U.S. Forces Deploy to Pakistan Bases; Warplanes Pound Kabul for 4th Day

For the first time since military operations against Afghanistan's Taliban regime began, U.S. forces are using at least two bases in Pakistan, senior Pakistani intelligence and military sources said today.

According to these sources, U.S. helicopters and other supporting aircraft have arrived at a Pakistani military base at Jacobabad in central Sindh province and at a little-used airstrip at Pishin, northeast of Quetta only a few miles from the Afghan border.

The disclosures came a day after U.S. warplanes unleashed their heaviest attacks yet on the Afghan capital, Kabul. On Wednesday, the anti-Taliban opposition claimed that wholesale enemy defections had allowed it to sever a key north-south highway in Afghanistan.

On the fourth day of airstrikes Wednesday, U.S. aircraft flying day and night raids rocked the regions around Kandahar and Kabul, including areas just west of the capital where Osama bin Laden is believed to operate terrorist training camps.

The bombers also hit a Taliban garrison in the northern Afghanistan city of Mazar-i-Sharif, where the Afghan regime is locked in a struggle with the rebel coalition known as the Northern Alliance. Warplanes have bombed the city for three straight days.

Early today, a Pakistani military official who declined to be identified said the U.S. military presence in Pakistan is currently limited to the aircraft and their supporting crews and that no combat troops are present.

"They seem to be preparing for low-flying operations, perhaps for reconnaissance purposes," the source said. The airstrip at Pishin is only a few minutes' flying time to Afghanistan and is just 20 minutes by helicopter from the Taliban's spiritual capital, Kandahar.

Officially, the government was circumspect.

"Pakistan has given logistical support to the international community in its fight against terrorism," said Maj. Gen. Rashid Qureshi, a government spokesman. "We will continue to provide the support. We cannot comment on the technical nature and details of the support. We reiterate that no combat or offensive operations are being launched from Pakistan against Afghanistan."

Earlier this week, Pakistan's president, Gen. Pervez Musharraf, said his country's participation in the coalition efforts would be limited to allowing use of its airspace, sharing intelligence and providing logistical support.

"At the moment," Musharraf said Monday after the first round of air attacks began, "whatever is going on is not from Pakistan." But he left the door open for possible further involvement.

The arrival of U.S. military personnel on Pakistani soil is likely to further anger religious extremists in the country who oppose the allied military operations. Since the airstrikes began Sunday, anti-American protesters have staged demonstrations across Pakistan, with the largest and most violent in the borderlands neighboring Afghanistan.

The airstrip in Pishin is in an area with large concentrations of Afghan refugees who strongly support the Taliban regime.

The Dawn newspaper, based in Karachi, Pakistan, reported in today's edition that Pakistani military authorities had taken control of four airports in Sindh, Baluchistan and Punjab provinces and suspended commercial flights at them.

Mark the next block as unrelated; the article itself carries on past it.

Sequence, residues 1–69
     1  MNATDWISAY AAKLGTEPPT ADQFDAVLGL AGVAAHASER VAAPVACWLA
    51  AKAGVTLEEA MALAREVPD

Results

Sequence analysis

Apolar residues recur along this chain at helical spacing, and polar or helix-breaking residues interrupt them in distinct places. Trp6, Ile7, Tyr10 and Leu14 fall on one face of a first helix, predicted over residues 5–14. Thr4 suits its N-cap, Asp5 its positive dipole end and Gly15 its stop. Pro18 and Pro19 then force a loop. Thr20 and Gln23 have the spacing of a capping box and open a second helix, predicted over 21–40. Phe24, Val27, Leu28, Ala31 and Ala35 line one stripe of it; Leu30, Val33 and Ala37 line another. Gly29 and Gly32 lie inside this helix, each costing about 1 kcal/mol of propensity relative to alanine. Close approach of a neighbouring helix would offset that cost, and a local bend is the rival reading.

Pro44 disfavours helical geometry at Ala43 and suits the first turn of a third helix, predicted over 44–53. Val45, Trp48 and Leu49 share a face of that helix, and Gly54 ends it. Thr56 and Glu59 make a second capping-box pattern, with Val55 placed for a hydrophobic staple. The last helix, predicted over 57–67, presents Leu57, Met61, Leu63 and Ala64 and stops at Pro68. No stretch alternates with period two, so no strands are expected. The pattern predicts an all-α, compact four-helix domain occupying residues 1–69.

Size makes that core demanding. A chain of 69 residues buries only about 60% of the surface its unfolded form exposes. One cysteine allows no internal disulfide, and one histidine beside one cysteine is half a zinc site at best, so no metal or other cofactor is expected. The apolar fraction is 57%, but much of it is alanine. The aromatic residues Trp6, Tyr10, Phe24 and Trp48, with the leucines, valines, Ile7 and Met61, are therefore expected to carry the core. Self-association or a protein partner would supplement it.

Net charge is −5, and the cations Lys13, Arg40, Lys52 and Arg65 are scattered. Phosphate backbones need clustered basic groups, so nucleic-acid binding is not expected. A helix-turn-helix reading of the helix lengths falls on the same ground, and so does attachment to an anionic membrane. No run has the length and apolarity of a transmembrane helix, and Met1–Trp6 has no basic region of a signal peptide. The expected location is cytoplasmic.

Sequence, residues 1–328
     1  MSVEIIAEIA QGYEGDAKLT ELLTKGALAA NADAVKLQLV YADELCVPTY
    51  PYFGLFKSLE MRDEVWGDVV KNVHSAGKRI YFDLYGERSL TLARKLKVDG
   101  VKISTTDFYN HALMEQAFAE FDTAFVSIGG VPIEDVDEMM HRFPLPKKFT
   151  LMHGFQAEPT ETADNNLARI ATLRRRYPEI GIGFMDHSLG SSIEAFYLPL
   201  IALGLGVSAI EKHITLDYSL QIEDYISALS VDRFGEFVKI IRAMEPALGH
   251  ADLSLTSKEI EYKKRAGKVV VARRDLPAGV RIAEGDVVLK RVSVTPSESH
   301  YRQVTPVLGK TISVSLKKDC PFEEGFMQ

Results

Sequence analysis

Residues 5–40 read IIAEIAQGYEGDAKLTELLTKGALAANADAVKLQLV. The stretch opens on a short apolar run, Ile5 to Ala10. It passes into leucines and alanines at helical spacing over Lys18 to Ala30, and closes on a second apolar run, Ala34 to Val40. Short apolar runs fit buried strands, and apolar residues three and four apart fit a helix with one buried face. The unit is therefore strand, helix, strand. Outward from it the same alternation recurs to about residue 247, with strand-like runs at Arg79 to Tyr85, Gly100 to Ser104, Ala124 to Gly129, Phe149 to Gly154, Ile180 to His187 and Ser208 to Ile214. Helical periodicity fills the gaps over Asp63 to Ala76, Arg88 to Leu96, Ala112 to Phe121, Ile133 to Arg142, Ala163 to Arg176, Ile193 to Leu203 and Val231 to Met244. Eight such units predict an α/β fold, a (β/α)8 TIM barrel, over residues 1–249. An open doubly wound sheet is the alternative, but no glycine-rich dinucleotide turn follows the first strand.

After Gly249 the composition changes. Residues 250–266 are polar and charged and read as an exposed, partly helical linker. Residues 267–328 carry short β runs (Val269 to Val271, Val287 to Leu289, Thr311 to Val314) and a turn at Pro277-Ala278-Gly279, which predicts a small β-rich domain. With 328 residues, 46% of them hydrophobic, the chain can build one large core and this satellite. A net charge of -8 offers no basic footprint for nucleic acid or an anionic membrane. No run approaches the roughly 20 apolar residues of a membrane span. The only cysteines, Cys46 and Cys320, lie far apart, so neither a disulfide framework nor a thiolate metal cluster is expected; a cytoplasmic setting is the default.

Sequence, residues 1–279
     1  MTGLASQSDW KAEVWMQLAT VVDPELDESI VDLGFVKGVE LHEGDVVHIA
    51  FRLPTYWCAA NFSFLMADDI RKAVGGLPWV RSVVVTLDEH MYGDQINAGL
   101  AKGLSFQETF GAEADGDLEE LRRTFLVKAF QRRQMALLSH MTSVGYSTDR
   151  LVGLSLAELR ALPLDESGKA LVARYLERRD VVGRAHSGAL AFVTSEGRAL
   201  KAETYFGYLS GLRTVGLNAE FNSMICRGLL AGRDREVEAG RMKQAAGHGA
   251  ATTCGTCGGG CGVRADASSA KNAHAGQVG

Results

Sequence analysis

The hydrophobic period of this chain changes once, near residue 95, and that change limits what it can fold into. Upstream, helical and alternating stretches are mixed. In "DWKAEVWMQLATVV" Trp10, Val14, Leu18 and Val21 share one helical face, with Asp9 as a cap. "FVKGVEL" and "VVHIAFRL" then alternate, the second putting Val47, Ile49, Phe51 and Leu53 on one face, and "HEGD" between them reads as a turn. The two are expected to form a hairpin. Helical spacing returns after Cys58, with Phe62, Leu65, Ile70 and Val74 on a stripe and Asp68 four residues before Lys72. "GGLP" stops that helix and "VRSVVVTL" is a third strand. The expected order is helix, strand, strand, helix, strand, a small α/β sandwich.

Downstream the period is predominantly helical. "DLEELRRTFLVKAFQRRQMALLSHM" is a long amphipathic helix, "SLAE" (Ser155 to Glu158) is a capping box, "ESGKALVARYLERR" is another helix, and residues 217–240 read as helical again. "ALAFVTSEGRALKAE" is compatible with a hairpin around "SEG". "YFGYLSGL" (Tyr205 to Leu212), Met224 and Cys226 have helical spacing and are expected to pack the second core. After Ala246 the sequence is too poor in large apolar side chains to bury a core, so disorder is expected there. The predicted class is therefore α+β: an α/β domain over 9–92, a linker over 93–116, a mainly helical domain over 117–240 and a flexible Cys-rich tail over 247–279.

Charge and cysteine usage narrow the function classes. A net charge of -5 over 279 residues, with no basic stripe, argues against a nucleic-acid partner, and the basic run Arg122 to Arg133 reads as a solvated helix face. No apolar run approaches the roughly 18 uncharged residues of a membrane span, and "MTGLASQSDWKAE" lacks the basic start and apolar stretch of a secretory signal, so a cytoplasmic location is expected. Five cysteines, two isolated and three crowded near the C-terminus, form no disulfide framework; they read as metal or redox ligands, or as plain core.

Dawn reported that the other bases involved are in Pasni and Gwadar near a large Pakistani naval base, Panjgur, 100 miles northeast of Gwadar, and Dera Ghazi Khan, about 200 miles east of Quetta and 150 miles from the Afghan border.

In a telephone interview, Dawn reporter Shamim Shansi said about 2,000 Pakistani army troops had sealed off the commercial airport at Jacobabad.

U.S. officials have repeatedly suggested that the next phase of military operations in Afghanistan could include the dropping of small special forces units to hunt Bin Laden, the prime suspect in the Sept. 11 terrorist attacks against the United States.

Pakistani military authorities declined to officially confirm any of the U.S. deployments.

Bush Names 'Most Wanted' Terrorists

In Washington on Wednesday, President Bush issued a list of 22 "most wanted" international terrorists, headed by Bin Laden. Administration officials said they hoped that publicizing the terrorists' names and photographs would generate fresh intelligence that could lead to their capture.

The White House also called on television networks to use caution in broadcasting videotaped statements by Bin Laden, saying they could incite violence against Americans and might even contain coded instructions for terrorist acts.

In the Persian Gulf nation of Qatar, an organization of 56 Islamic countries, with delegates including Palestinian leader Yasser Arafat, expressed sympathy for victims of the Sept. 11 attacks and implicitly supported the U.S. campaign against terrorism.

The American airstrikes on Afghanistan are aimed at flushing out and capturing or killing Bin Laden and his associates in the Al Qaeda organization. The U.S. has also targeted the Taliban, the ruling Islamic fundamentalist regime, which has given shelter to Bin Laden.

That has put the United States on common ground with the Northern Alliance, a coalition of ethnic groups from northern Afghanistan that opposes Taliban rule and is in control of about 10% of the country.

The rebels said Wednesday that the near-total destruction of Taliban air defenses--a prime target of the bombing campaign--and the defection of commanders along a major north-south highway have left about 20,000 Taliban troops in northern Afghanistan effectively cut off from the south.

The claim could not be independently verified.

A Northern Alliance commander, Gen. Abdul Basir, 36, said the supply route was severed when a 1,200-strong Taliban force defected and fired on a Taliban truck Tuesday, killing about 20 fighters.